The draw for the 2018 World Cup has concluded, with surprises, favorites, and Groups of Life and Death. Italians look away.
Group A: A little help for the hosts
Hosts Russia came out first, as is traditional. Uruguay joined them from Pot 2, with Mo Salah’s Egypt from Pot 3. Saudi Arabia rounded up the first group,
Uruguay are the favorites in the easiest group of the eight. Liverpool midfielder Mohamed Salah and Egypt will contend with Russia for the second spot, and the Saudis appear to pose no threat.
Group B: The Iberian Supergroup
Portugal was the second team out of Pot 1, and are joined by Spain, Morocco, and Iran.
Portugal and Spain are two of the best teams in the tournament, and whoever wins the group will make a deep run in the knockout stage. Iran and Morocco stand little chance of advancing in place of the Iberian duo. That first matchup will be fun.
Group C: France’s to lose
France will bring their young squad up against fellow Europeans Denmark, while Peru and Australia will look to exploit the Danes’ over-reliance on Christian Eriksen.
France should run away with Group C á la 2014 Colombia. Denmark doesn’t seem to be equipped for a World Cup, as Christian Eriksen is the only notable attacking star. However, Mathias Jorgensen and the defense could be difficult to break down. Australia desperately needs answers in the coming year to inject life into the Socceroos’ aging squad. Don’t underestimate Peru, the fifth-placed South American side.
Group D: Stars, old and young
Argentina, Croatia, Iceland, and Nigeria form the most star-studded group so far. Lionel Messi and Argentina look the part of a favorite, while Luka Modric’s Croatia and Gylfi Sigurdsson’s Iceland will battle it out for the second spot. Nigeria doesn’t seem cut out to contend yet, but a promising generation of young talent headlined by Alex Iwobi will get a shot at the world’s finest.
Group E: A challenged favorite
CONMEBOL champs Brazil came out of Pot 1 to face Switzerland, Costa Rica, and Serbia. The two European nations are capable of causing trouble for anyone if given the opportunity, while Costa Rica is a challenge once again. Los Ticos went all the way to 2014’s quarterfinals before bowing out on penalties to the Netherlands.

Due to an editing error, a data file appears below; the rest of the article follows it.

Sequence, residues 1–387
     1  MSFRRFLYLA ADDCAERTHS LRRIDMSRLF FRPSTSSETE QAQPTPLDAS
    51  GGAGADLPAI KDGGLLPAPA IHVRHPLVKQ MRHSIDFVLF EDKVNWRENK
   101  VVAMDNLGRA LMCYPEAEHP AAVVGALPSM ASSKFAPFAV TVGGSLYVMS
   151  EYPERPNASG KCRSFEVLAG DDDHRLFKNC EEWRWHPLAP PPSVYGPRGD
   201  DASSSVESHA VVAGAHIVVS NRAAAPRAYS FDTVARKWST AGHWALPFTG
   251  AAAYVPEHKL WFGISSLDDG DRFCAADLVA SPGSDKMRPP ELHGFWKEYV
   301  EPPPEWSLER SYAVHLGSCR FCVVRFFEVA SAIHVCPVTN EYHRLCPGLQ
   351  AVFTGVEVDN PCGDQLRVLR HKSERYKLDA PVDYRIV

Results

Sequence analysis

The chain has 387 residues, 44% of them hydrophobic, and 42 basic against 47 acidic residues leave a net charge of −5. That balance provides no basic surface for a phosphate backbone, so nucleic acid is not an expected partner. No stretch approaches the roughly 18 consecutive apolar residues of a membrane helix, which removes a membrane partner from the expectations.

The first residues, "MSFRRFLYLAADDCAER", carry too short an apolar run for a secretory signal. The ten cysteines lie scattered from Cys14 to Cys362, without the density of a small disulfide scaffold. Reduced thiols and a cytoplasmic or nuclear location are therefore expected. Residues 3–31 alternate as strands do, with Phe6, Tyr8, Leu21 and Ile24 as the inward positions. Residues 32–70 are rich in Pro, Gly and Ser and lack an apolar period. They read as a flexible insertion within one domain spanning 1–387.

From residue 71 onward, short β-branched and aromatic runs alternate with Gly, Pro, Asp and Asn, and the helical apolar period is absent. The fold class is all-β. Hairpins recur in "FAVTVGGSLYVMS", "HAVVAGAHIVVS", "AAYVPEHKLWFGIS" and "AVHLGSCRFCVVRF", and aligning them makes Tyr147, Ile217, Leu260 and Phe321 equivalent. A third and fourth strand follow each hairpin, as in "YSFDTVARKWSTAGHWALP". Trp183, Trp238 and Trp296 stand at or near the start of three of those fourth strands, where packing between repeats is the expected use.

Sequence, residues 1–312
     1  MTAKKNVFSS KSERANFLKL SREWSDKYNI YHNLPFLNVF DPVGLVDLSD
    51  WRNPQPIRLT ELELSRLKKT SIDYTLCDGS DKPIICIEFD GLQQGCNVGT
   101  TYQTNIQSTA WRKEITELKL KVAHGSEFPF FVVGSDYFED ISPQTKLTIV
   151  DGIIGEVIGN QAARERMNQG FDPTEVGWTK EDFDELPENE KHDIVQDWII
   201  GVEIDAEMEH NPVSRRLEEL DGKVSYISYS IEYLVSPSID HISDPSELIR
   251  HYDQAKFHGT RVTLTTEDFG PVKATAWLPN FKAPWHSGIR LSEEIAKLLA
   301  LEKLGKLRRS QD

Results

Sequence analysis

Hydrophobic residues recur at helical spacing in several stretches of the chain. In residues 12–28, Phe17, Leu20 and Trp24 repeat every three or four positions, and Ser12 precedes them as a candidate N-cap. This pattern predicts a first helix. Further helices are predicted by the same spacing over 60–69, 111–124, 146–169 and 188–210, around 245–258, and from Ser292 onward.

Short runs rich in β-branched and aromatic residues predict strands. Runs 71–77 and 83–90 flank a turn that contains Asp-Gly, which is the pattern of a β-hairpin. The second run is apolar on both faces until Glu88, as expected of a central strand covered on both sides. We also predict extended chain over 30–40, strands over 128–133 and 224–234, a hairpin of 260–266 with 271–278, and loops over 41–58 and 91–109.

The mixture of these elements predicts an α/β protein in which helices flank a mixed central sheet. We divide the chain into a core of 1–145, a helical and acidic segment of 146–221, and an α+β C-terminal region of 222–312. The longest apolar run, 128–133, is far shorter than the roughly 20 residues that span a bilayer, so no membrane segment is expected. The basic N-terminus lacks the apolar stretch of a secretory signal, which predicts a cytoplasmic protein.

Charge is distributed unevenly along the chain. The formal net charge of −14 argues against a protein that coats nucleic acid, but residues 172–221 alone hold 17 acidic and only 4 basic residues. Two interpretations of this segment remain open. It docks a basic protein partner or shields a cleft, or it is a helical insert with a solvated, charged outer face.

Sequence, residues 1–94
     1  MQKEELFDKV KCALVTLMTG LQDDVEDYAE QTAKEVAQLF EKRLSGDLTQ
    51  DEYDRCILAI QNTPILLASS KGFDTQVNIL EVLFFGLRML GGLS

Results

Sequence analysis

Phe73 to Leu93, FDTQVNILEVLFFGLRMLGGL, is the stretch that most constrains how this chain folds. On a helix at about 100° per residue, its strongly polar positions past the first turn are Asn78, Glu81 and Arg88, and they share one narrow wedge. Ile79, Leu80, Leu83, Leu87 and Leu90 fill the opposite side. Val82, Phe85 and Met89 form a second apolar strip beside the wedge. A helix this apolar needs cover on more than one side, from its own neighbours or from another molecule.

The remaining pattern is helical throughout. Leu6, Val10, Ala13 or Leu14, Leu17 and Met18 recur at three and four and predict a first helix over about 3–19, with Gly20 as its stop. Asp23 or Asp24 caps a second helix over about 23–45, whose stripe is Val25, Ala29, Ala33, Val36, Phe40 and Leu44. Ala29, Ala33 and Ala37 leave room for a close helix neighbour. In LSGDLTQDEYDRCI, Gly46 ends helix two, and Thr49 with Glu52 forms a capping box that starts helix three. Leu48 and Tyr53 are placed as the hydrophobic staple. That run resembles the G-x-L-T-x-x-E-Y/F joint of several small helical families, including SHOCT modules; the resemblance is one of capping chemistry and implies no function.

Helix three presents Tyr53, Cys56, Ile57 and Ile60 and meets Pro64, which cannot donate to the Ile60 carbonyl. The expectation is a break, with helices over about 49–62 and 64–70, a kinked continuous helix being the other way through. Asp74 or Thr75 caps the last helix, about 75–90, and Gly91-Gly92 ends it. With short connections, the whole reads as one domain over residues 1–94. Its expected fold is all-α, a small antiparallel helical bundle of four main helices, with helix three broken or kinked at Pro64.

Group F: A Confederations Cup rematch
The defending world champs face the harshest test of any seeded side. Germany will face CONCACAF champions Mexico, and then turn around to face Emil Forsberg and Sweden. Last year’s Bundesliga assist king leads a dangerous Sweden side. If Mexico and Sweden meet on the final day of the group stage, an electric atmosphere will take shape in Russia.
Group G: European domination
Belgium and England face few tests in Tunisia and Panama, and should advance. In what order, though? Belgium has the talent to beat anyone, but can’t seem to play well together. England. . . well, they’re England.
Disputed top-eight Poland face a tough task. A star-studded Senegal attack including Sadio Mane and Keita Balde Diao will present defensive concerns. Japan might challenge better than in recent years.
The real focus is Colombia. 2014 World Cup’s top scorer James Rodriguez has ignited into one of the world’s finest center attacking mids. Radamel Falcao and Freddy Guarin are very good once again. Jeison Murillo anchors the defense. Colombia is so good, it’s frightening. Los Cafeteros will wreak havoc in the latter knockout rounds in Russia.
The group winners will be. . .
Wait, where’s Italy?